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MarkMonitor Overview

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San Francisco, CA
501 to 1000 employees
1999
Subsidiary or Business Segment
Enterprise Software & Network Solutions
$100 to $500 million (USD) per year
Netnames, CSC, OpSec Security Group
MarkMonitor can not only help you make your mark, it can help you protect it. The company provides software used to manage intellectual property on the Internet, including applications for brand protection and trademark management, as well as securing website domains and ... Read more

MarkMonitor Reviews

3.4
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MarkMonitor President Chris Veator
Chris Veator
5 Ratings
  • "Good place"

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    • Work/Life Balance
    • Culture & Values
    • Career Opportunities
    • Comp & Benefits
    • Senior Management
    Former Employee - Anonymous Employee
    Former Employee - Anonymous Employee
    Recommends
    Neutral Outlook

    I worked at MarkMonitor full-time

    Pros

    Good place to work in the area

    Cons

    In transition, the future is unclear

See All 60 Reviews

MarkMonitor Photos

MarkMonitor photo of: Great Day
MarkMonitor photo of: Some steller MarkMonitor client service managers
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MarkMonitor Interviews

Experience

Experience
27%
35%
38%

Getting an Interview

Getting an Interview
60%
20%
12%
4
4

Difficulty

2.8
Average

Difficulty

Hard
Average
Easy
  1.  

    Brand Analyst Interview

    Anonymous Interview Candidate in Meridian, ID
    No Offer
    Negative Experience
    Easy Interview

    Application

    I applied online. The process took 4+ weeks. I interviewed at MarkMonitor (Meridian, ID).

    Interview

    I applied online and received an email from a recruiter just a couple of days later to set up a phone interview.
    The phone interview happened the next day.
    The recruiter and I had a great conversation - she asked what I wanted to make, and she wanted to make sure that I understood that the job paid $47K and that it was firm. I was OK with that and told her I wanted to move forward. She told me that she would give my information to the hiring manager and that she had some pull in persuading them who to interview and that she was sure they would want to meet me.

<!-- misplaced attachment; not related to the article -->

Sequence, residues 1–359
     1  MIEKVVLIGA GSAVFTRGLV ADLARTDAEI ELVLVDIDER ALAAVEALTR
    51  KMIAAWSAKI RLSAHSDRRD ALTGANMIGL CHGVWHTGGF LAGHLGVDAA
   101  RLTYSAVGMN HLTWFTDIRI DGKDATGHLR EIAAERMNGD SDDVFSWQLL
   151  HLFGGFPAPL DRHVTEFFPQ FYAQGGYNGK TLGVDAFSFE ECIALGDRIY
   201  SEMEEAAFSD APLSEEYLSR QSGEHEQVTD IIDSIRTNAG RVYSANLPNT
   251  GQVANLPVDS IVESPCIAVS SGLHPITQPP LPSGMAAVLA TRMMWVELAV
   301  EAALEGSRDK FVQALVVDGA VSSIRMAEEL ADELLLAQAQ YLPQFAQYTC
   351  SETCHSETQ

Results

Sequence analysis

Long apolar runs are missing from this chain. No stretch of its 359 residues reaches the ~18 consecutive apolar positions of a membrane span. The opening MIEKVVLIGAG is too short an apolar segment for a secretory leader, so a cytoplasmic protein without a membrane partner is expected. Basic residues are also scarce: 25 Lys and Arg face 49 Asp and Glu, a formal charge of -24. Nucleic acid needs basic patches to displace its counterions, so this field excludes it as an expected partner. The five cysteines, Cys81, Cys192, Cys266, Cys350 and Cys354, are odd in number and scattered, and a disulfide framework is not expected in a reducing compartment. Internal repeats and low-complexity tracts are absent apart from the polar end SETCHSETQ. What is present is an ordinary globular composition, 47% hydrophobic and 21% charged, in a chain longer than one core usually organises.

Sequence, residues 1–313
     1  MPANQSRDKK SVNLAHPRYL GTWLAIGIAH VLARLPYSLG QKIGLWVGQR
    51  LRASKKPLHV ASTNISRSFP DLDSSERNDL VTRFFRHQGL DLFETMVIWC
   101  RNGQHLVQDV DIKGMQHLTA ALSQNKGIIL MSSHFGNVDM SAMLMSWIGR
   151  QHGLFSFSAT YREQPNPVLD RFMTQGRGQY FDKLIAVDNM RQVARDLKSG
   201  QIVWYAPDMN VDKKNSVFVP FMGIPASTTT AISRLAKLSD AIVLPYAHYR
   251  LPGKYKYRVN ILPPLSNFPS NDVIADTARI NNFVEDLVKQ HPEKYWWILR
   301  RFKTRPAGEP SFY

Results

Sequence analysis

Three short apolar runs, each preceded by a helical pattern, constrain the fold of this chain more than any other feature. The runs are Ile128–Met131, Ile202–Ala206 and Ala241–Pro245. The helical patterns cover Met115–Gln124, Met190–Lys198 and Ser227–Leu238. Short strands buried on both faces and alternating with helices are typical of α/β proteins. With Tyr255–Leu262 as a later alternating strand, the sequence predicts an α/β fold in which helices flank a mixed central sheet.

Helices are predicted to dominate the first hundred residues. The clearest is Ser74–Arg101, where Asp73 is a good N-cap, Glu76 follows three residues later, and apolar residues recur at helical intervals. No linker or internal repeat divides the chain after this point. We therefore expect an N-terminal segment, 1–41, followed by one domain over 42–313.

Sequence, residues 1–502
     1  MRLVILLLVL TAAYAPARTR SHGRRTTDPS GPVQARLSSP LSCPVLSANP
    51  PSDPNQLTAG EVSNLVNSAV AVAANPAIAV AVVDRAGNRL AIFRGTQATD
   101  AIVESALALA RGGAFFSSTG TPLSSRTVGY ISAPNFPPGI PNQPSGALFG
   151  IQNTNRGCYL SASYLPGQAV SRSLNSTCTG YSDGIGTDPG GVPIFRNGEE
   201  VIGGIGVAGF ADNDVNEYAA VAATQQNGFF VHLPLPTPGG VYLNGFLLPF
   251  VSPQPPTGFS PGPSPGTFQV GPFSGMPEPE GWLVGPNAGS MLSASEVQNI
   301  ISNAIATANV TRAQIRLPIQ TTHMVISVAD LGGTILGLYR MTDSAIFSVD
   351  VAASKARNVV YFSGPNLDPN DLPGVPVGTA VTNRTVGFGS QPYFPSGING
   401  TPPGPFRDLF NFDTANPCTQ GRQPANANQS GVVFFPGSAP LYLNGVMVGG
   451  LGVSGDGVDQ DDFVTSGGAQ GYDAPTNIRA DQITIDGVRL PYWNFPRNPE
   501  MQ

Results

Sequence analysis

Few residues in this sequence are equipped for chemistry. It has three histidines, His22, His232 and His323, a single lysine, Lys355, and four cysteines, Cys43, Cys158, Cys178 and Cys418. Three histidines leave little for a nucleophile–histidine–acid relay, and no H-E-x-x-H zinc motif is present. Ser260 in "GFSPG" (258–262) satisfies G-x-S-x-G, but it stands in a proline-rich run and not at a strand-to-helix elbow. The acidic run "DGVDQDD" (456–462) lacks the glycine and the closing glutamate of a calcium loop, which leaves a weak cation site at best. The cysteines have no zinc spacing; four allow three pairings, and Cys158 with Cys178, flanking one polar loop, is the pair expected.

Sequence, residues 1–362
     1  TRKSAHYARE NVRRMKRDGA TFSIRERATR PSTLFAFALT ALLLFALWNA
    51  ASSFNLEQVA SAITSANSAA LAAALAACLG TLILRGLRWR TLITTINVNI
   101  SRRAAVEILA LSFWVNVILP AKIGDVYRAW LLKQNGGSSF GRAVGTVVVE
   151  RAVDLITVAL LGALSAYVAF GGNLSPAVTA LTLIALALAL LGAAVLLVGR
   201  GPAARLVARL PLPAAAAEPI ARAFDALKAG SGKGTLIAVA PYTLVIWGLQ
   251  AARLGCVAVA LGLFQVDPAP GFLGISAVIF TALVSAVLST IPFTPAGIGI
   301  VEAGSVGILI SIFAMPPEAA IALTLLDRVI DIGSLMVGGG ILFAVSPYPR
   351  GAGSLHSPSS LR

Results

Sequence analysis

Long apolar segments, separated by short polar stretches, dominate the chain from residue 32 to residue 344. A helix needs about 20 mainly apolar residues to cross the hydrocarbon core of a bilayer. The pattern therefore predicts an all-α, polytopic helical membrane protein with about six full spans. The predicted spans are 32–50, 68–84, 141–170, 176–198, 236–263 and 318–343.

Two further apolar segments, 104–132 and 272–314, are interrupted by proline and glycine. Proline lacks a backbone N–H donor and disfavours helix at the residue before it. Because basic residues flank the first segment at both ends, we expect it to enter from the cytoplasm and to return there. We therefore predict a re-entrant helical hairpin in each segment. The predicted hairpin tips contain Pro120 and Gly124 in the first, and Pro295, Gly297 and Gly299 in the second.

Later that day she sent me an Excel document with some testing: attached is the data set that we spoke about during the interview. With this data set, please provide a one page summary separate from the excel document drawing an overall conclusion of the data. This one page summary/conclusion can consist of paragraph summaries, bullet points, charts, graphs, and/or trend lines. It’s truly up to you how you would like to tell the “story.” We do a lot of large data analysis and we feel a test data set like this will be a great way for you to show off your analytical abilities.
    I completed this and sent it back to her and 4 days later received an email to set up the on-site interview which was scheduled for 3 days later.
    And here's where it all went south .... the in-person interview. I had read another review about this company intimating, or maybe flat-out stating, that they do not hire old people. And I have to agree with that assessment. My interview was with 5 young gentlemen, average age of 27 I would say .... and I am mid 40s. There were no structured questions. It seemed like as soon as we got in to the room they made a determination that I was too old and they decided to wing it and not really ask anything of substance and get me out of there as soon as they could. They mentioned they want to bring someone on who fits in with their culture. If they are looking for 27 year-old men who all look like they stepped out of a J Crew catalog, then no, I'm not going to fit in with them.
    They mentioned they had several openings and that they had the position open all the time. I felt good about my experience and knowledge and intelligence, but knew that they did not want me personally.
    I never heard back from them, so I emailed the recruiter. Who took 2 weeks to reply with the no thanks email.
    Shortly thereafter the position was posted online again. So I reached out to the recruiter and asked if I could be considered again. She said that it was technically filled. So why is it posted?
    My impression of this company is that they don't hire people over the age of 40. Or maybe just females of that age, I'm not sure. But it was obvious that once they saw me they were not interested even though I had a great conversation with the recruiter, and had all the KSAs to excel in this position.

    Interview Questions

    • They asked how I would feel being on a computer doing searches all day.   Answer Question
See All 26 Interviews

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